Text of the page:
The Third Circuit gave employers new reasons to worry about misclassifying their employees in its decision in Figueroa v. Precision Surgical, Inc., (PDF), C.A. No. 10-4449. A former employee brought suit seeking to invalidate the non-competition provision in his independent-contractor agreement (“ICA”). The plaintiff alleged that his former employer had materially breached the contract and, therefore, could not enforce it against him.
During the course of his 6-years with the organization, the plaintiff’s relationship became more like that of an independent contractor. For example, the company required that the plaintiff: (1) devote 100% of his energy to selling the company’s products; (2) report to his supervisors daily and attend monthly meetings; (3) abide by a dress code; and (4) obtain permission from before giving quotes to certain prospective customers.
As the supervision and reporting requirements became more onerous, the plaintiff objected and, eventually, requested a new contract that clarified his status as an independent contractor. The company refused and stated that it intended to convert all sales positions to employees, eliminating all independent contractor positions. When he refused to make the conversion to employee status, his contract was terminated.
The employee brought sought suit seeking declaratory relief invalidating the non-compete provision in the agreement. The company filed a counter-claim alleging breach of the non-compete agreement based on the plaintiff’s new contract position as a sales representative for a competitor.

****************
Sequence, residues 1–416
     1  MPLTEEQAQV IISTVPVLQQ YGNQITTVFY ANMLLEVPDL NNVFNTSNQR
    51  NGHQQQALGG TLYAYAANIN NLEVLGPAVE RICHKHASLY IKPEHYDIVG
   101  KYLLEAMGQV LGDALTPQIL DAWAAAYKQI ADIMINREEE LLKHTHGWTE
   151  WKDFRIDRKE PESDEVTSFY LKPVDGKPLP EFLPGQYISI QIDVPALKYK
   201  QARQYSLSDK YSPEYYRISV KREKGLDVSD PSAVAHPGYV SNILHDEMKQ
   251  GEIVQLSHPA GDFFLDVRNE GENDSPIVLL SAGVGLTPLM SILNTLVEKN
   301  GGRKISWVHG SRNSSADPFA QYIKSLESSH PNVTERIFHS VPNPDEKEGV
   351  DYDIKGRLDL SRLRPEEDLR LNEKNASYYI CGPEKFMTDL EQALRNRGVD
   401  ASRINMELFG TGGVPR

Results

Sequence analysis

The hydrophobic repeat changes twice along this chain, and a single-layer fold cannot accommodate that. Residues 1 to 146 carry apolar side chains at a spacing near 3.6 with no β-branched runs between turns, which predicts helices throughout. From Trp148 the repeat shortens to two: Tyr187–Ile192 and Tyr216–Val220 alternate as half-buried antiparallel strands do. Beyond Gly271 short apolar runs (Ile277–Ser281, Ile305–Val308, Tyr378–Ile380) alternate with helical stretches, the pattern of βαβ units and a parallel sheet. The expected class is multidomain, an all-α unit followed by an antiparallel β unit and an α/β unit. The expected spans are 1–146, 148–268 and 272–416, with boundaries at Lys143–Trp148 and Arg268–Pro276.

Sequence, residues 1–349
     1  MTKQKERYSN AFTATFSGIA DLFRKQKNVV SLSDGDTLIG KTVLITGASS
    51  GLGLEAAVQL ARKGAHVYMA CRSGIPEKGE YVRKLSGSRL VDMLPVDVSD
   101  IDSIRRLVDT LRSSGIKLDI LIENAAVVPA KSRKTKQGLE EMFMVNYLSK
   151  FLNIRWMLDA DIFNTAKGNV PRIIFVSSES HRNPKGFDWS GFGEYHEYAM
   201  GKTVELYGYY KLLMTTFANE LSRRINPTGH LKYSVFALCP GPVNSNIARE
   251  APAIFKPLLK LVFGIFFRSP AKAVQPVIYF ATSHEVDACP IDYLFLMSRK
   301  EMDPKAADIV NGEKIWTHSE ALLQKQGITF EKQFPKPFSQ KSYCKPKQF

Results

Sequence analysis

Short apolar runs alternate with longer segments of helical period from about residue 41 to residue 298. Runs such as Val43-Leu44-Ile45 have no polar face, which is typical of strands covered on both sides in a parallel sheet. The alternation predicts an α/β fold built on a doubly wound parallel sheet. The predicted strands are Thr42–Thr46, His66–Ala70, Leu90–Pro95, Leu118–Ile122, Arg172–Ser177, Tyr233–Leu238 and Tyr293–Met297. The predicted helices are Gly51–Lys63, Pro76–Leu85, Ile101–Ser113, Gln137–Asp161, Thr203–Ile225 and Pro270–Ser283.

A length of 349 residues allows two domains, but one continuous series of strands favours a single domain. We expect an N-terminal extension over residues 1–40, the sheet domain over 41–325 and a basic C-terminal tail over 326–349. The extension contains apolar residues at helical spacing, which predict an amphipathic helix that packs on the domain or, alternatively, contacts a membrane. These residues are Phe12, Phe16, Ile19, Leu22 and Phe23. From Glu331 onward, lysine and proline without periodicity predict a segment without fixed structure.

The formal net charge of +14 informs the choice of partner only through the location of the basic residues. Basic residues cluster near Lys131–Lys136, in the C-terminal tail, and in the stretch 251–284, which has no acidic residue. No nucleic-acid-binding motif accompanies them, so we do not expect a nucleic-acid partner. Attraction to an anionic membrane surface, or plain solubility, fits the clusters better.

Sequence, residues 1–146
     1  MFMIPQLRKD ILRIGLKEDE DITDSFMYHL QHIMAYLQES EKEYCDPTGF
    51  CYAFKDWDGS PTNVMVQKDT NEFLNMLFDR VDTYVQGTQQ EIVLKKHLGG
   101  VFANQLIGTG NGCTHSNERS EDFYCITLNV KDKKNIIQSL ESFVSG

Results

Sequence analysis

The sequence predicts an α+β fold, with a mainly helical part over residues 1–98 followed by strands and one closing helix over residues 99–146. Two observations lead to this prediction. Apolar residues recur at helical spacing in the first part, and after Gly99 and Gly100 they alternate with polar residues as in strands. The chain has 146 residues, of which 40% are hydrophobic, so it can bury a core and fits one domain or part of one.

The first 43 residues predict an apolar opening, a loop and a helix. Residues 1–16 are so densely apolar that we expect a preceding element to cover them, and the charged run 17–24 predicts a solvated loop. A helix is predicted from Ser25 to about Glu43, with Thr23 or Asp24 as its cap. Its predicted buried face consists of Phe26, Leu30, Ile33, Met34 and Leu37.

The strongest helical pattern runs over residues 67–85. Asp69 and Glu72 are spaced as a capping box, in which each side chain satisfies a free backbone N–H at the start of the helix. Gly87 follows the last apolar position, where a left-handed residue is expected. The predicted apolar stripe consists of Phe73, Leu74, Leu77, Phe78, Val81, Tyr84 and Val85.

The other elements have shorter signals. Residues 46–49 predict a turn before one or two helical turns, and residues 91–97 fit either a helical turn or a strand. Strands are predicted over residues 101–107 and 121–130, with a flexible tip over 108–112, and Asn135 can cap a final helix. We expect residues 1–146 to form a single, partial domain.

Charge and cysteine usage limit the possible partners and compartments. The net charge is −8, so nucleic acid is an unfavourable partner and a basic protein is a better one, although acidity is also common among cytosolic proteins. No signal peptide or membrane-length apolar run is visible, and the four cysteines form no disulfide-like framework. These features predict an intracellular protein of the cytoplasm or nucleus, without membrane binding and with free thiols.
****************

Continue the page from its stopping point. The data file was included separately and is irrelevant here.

The District Court denied the employer’s request for a preliminary injunction, finding that the employer had more likely than not breached its obligations under the independent-contractor agreement. The Third Circuit affirmed, finding that the requirements to which the plaintiff had objected were not consistent with requirements for an independent contractor. As a result, the court held, the employer breached the agreement by treating the plaintiff as an employee.
Well-informed employers understand the significance of properly classifying employees for tax and benefits purposes. The Third Circuit’s recent opinion gives employers another reason to avoid misclassifying their employees: failure to properly classify workers as employees or independent contractors may impact their ability to enforce restrictive covenants and non-compete agreements.